Books bought: “The Complete Humorous Tales and Sketches,” Mark Twain; “Mark Twain’s Other Woman,” Laura Skandera Trombley; “Earth Abides,” George R. Stewart.
Books read: “Solar Lottery,” Philip K. Dick; “The October Country,” Ray Bradbury; “Roughing It,” Mark Twain; “Endgame,” Samuel Beckett.
Another four-book month, this time comprising sci-fi, fantasy, an American literary classic and a play. Three unread books were added to my groaning shelves. This means that if I maintain this pace of reading/receiving, I’ll be caught up in, oh, 400 months.
“Solar Lottery” was Philip K. Dick’s first novel and involves a future Earth in which everyone on the planet is a player in a lottery that could elevate any of them to the world dictatorship. Dick, of course, is best known for visionary writing that was turned into “Blade Runner,” “Minority Report” and other films. Never popular or well-paid in his lifetime, he cranked out about 50 books, many of which aren’t very good, and “Solar Lottery” is one of them; the plotting is a jumble and the ideas don’t gel. But we all have to start somewhere.
Bradbury’s “The October Country,” from 1955, comprises the best of the out-of-print “Dark Carnival,” plus four “new” stories. Among the half-dozen or so must-read Bradbury books, this collection of his earlier, macabre stories includes “The Small Assassin,” “Skeleton,” “The Lake,” “Homecoming” and “Uncle Einar,” five of his best-loved pieces. Most of the others are no slouch either.
Twain’s travelogue of the Old West is sprawling, episodic, frustrating, padded and brilliant. It’s also partly imagined, which this scholarly edition details in an equally sprawling notes section that is both welcome and beside the point. Marvel at Chapter 16, as fresh as Sedaris, in which Twain picks apart the Book of Mormon. The drunk’s all-digression monologue in Chapter 53 is a hoot. And in Chapter 73, during a visit to Hawaii, young Twain grabs a board and goes “surf-bathing”!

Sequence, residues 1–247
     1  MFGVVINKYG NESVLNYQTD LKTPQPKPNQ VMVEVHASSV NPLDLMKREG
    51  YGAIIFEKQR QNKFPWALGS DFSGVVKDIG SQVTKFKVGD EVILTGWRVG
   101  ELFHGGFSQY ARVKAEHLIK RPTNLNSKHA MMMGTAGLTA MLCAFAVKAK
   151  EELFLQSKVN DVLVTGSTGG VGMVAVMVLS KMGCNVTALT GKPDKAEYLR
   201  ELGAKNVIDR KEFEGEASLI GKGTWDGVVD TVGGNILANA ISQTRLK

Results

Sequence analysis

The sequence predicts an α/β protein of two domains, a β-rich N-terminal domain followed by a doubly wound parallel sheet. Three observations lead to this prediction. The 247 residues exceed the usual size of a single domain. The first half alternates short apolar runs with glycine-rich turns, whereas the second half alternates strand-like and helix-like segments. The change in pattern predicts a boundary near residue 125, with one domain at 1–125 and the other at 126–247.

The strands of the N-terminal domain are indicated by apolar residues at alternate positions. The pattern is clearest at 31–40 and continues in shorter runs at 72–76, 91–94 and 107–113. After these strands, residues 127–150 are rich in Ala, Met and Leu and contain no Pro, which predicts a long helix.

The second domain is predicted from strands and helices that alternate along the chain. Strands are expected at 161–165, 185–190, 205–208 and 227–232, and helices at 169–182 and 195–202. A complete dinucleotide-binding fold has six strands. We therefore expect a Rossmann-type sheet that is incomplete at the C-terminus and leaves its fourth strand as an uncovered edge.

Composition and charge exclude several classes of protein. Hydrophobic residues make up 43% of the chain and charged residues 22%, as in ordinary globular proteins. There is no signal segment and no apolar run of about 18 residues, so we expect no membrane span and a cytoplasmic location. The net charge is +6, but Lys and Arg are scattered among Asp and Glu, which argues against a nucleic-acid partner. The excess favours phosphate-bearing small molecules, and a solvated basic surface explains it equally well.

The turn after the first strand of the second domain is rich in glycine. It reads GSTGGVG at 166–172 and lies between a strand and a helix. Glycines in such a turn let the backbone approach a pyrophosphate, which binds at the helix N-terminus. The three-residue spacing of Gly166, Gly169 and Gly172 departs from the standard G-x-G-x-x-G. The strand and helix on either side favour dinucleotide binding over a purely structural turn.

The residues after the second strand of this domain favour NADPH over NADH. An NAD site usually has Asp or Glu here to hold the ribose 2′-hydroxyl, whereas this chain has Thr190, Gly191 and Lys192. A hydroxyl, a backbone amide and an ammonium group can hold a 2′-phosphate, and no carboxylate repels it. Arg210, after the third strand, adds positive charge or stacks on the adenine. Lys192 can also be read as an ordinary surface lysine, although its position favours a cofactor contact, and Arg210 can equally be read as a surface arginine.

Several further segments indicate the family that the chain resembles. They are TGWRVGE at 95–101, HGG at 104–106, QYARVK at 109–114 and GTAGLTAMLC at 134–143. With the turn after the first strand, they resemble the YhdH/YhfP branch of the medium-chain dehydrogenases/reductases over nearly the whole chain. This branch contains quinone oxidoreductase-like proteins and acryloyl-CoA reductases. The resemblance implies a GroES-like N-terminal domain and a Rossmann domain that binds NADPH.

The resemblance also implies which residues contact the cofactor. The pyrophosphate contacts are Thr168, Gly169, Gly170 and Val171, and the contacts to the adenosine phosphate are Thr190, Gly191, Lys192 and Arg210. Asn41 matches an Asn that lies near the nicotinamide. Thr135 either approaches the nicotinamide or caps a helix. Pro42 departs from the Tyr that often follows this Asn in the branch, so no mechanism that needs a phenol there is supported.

I spent two months reading “Roughing It,” in between other books. I finished it with a couple of days left in April and decided to plow through something short to maintain my four-book pace. So I turned to Beckett’s “Endgame,” which I’ve owned for years but never read, although I once saw the play performed live.
It’s an allegorical four-character play, in which one character is dying, his son is tired of helping him and his parents live with them in side-by-side trash cans. I prefer “Godot,” but “Endgame” is still devastating, not to mention devastatingly funny.
It was satisfying to tackle the 800-page (ooof) “Roughing It,” and to do so without throwing off my schedule (even if it took me two months). I’m back to normal-sized books now, but I’ll try to work in another doorstop or two before the year’s out.
So, what are you reading, and have you read any of the above?